There is significant variability in the process of testing for mycotoxins brought about by the variability in sampling, sample preparation and analytical variation. Table 7 shows the variability associated in measure ng aflatoxin in a lot of contaminated corn, variation through sampling contributes to over 75% of the overall error of testing (Whitaker et al., 2005).
Sampling error is large because of the extreme distribution among contaminated particles within a lot, it is estimated that only 6 kernels in 10,000 are contaminated in a lot containing a concentration of 20ppb aflatoxin (Johansson et al., 2000b).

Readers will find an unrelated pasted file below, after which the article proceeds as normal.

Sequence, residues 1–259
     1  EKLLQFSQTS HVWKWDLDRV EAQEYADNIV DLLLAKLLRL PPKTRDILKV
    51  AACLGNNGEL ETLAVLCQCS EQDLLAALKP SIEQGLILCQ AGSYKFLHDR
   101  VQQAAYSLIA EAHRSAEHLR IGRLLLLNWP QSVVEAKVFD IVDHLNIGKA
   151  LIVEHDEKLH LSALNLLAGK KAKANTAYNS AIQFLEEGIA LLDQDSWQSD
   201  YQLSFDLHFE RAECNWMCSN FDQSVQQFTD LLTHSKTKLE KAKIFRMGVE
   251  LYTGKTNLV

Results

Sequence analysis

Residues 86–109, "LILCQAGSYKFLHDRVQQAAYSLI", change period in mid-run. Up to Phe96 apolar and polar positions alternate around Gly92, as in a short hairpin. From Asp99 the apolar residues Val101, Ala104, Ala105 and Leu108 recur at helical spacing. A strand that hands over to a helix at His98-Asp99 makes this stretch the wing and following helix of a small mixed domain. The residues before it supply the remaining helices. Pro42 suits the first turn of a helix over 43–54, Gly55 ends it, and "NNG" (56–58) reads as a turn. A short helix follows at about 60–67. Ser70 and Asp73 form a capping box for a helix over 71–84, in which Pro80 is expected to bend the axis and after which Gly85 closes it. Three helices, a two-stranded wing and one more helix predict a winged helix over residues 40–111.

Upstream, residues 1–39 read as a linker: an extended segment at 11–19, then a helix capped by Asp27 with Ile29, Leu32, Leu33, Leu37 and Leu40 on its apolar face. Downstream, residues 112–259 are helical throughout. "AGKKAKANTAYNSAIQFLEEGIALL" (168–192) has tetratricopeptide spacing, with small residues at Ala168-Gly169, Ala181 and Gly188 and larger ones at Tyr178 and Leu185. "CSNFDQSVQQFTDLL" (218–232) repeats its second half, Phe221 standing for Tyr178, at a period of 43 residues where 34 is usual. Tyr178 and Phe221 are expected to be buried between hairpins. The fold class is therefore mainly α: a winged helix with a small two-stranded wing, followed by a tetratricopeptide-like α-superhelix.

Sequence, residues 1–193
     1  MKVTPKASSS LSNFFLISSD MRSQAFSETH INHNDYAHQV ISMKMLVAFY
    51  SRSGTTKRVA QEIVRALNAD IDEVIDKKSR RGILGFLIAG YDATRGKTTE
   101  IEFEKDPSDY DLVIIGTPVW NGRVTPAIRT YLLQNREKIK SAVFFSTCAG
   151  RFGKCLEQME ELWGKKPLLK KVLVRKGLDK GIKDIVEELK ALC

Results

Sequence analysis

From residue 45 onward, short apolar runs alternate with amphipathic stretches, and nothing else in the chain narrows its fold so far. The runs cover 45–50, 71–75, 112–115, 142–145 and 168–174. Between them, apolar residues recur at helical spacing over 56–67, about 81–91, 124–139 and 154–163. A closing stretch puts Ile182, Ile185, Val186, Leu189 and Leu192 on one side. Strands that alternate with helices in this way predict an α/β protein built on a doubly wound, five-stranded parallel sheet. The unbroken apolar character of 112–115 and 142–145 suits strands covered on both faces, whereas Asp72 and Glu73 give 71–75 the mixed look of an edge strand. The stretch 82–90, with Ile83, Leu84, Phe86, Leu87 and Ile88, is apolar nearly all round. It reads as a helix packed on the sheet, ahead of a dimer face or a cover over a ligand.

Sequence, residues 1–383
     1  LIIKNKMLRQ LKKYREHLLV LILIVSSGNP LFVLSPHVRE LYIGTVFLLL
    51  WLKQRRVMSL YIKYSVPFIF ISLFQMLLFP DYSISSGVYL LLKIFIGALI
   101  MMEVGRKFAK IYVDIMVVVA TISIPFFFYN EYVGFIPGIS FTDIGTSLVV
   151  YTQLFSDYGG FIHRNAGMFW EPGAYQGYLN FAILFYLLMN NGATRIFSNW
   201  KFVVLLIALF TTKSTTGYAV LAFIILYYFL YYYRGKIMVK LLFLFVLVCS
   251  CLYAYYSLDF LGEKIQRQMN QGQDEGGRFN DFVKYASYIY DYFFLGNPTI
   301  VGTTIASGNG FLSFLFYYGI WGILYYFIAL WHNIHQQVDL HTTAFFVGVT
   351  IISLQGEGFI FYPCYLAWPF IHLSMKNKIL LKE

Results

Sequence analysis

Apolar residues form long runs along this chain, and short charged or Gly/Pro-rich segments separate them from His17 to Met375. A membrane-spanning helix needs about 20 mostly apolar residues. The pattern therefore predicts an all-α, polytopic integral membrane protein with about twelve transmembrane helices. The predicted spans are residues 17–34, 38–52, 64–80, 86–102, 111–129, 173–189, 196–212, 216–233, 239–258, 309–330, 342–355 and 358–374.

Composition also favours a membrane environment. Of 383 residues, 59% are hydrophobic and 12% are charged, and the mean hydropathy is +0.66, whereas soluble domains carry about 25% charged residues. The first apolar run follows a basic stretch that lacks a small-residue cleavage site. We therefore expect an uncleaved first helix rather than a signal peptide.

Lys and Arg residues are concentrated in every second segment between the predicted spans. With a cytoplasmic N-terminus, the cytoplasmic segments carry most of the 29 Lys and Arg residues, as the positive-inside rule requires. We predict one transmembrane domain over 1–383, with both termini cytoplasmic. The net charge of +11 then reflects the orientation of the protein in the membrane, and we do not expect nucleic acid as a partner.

A single spot sample or probing point is satisfactory if the contaminated particles are evenly distributed through the lot, however mycotoxins generally occur in isolated pockets through the lot (Shotwell et al., 1975). Increasing the number of samples taken from a lot can increase the chances of identifying contaminated lots. Procedures used to take a sample from a bulk lot are extremely important, every individual item in the lot should have an equal chance of being chosen. The sample should be an accumulation of many small portions taken from many different locations throughout the lot (Bauwin and Ryan, 1982; Hurburgh and Bern, 1983). When drawing a sample from a bulk container a probing pattern should be developed so that product can be collected from different locations in the lot. An example of a probing pattern used by the USDA is shown below (Figure 3):